Triumph has gone back to the drawing board and built a Japanese beater. Niall Mackenzie travelled to Spain to test the Triumph Daytona 600, and came back impressed
Click to read: Triumph Daytona 600 owners reviews, Triumph Daytona 600 specs and to see the Triumph Daytona 600 image gallery.
Mystic Mac is the name and looking into the future is the game, so I knew five days before I travelled to Cartagena for the Daytona 600 launch that Triumph had built a new supersports bike that could take on the latest offerings from Japan and Italy. Okay, this time it wasn't my crystal balls that had enlightened me but the first round of the British Supersports Championship at Silverstone.
On its race debut, and with very little testing, Craig Jones and Jim Moodie finished 9th and 13th respectively on the Daytona after mixing it with some serious competition on new generations 600s. With handling and performance still to improve I'd put my money on rostrum positions very soon.
So, on to the standard road bike, is it really as good as the new CBR, R6, ZX-6R and 749? On track and road the Honda has been unanimously voted the overall winner, but that was before the Triumph. How does the Daytona shape up against the opposition? Well I can't honestly answer that until we back to back 'em, which shows how good the Triumph is, but here's what I found after my first skid round in Spain.
I slipped into the world of journalism just after Triumph had sorted out its fuel injection gremlins on the original TT600 and I can honestly say I have never ridden a bad TT, either on the road or track. The engine revved hard, sounded sweet and 140mph+ was easily seen on the speedo. But it seems as though I was in the minority and was frequently told by fellow hacks that I had had too many bumps on the head while racing. They may well be right, but I think it was that all important first impression when the TT had the bottom end flat spot problem that prevented any future praise for the Hinckley 600.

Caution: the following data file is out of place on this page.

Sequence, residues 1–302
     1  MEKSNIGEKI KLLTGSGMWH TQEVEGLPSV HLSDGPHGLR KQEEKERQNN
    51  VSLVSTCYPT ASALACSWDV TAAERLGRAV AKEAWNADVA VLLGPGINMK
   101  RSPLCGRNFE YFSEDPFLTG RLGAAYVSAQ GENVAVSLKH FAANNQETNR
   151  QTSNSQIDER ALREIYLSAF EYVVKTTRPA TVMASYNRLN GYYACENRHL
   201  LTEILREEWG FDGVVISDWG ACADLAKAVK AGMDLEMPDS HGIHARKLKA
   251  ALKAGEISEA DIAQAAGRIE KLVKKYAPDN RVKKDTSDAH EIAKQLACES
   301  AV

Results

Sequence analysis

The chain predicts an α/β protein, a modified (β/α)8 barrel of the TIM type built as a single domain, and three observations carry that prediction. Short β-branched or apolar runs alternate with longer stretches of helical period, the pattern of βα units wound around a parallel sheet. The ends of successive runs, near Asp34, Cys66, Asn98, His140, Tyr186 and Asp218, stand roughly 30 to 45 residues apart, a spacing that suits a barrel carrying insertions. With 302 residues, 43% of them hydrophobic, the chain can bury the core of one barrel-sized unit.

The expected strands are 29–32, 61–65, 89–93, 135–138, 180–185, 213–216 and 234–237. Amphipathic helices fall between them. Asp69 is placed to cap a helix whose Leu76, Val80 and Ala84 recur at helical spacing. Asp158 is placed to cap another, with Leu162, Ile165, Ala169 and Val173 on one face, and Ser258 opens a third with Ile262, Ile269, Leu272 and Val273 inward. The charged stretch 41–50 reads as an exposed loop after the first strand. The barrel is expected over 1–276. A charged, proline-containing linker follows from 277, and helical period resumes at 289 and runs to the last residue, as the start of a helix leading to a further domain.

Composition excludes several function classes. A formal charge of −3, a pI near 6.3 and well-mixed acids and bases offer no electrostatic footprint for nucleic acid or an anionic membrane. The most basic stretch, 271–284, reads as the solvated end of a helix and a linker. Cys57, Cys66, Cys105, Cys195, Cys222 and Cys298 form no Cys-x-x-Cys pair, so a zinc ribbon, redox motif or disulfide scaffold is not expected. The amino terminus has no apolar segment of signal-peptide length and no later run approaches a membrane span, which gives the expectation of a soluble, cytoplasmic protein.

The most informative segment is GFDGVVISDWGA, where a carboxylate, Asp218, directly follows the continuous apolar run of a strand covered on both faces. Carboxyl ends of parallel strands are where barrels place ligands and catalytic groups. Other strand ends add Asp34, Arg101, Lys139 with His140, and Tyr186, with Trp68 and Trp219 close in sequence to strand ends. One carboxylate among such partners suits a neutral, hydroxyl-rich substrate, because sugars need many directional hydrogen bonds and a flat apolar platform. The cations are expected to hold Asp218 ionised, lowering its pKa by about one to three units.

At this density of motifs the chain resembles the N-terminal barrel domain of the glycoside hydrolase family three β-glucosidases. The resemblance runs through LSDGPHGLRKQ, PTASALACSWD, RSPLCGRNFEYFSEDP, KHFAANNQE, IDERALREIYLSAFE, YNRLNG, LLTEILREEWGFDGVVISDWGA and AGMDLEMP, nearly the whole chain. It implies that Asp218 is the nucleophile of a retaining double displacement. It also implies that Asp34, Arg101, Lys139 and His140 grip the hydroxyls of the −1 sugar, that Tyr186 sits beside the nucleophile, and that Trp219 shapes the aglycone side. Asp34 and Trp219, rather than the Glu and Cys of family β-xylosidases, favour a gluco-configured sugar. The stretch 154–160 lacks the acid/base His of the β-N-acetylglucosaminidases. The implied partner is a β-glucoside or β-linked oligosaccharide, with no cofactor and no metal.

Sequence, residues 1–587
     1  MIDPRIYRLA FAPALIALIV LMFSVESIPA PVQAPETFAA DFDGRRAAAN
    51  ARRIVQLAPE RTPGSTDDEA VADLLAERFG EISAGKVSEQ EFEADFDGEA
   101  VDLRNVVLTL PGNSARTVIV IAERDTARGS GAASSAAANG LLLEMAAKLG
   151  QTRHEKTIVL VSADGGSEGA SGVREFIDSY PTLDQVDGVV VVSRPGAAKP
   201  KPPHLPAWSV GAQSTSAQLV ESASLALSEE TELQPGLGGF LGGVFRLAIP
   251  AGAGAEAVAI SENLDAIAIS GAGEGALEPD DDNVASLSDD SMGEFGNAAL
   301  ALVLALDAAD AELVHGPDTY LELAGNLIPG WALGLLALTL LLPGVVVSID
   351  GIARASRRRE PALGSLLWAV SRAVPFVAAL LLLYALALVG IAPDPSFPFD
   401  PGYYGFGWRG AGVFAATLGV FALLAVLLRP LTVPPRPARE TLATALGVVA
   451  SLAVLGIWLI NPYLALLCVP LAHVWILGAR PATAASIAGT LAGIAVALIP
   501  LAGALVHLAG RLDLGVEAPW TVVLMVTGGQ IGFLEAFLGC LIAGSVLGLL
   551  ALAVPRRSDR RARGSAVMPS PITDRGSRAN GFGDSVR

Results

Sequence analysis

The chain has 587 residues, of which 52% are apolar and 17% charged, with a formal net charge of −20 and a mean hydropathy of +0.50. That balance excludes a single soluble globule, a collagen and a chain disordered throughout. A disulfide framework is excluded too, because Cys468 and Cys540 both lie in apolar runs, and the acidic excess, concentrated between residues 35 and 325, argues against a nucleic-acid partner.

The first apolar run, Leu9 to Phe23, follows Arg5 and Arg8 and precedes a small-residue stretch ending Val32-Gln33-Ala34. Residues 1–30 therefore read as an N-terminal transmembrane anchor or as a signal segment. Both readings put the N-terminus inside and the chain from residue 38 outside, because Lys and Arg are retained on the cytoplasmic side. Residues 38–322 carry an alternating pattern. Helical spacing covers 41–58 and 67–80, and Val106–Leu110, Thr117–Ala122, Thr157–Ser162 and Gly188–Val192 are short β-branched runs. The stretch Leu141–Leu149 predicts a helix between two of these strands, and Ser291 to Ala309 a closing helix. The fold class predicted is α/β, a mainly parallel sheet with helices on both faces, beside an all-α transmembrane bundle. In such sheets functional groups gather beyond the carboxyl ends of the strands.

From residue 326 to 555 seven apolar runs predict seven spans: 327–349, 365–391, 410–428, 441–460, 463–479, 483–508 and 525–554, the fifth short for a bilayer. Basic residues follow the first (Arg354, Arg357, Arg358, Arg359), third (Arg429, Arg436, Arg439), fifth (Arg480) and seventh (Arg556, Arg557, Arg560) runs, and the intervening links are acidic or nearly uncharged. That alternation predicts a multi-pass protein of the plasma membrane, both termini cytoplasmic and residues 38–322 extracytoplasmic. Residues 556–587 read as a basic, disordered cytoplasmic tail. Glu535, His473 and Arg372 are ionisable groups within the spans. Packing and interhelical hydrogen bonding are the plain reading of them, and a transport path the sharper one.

So when Triumph announced that the Daytona engine is based around a heavily modified TT600 motor there were a few under-breath comments about fuelling glitches and flat spots. Well I didn't find any. The powerband is very linear, pulling nicely from 9000rpm then a final smooth surge from 12,000 to 14,000 and shifting just after 14,200 with the rev limiter cutting in at 15,000rpm. This has been made possible by the new Keihin twin butterfly injection system. Throttle feeling mid-corner is faultless and playing with the new shorter travel throttle at any rpm isn't a problem.
I'd say the Honda pulled stronger, but only slightly from what I can remember with a tad more top end, while the Yamaha is weaker in the middle but stronger on top - especially at speed with the effective ram air induction. The engine sound isn't as peaky as the R6 but there is a definite familiar throaty Triumph growl. Claimed maximum power is 112bhp at the crank although I'd imagine this figure would be higher at speed and with the ram air effect. It's definitely a more realistic figure than the frankly ridiculous claims of the Japanese manufacturers.
Click to read the final page of Triumph Daytona 600 review.
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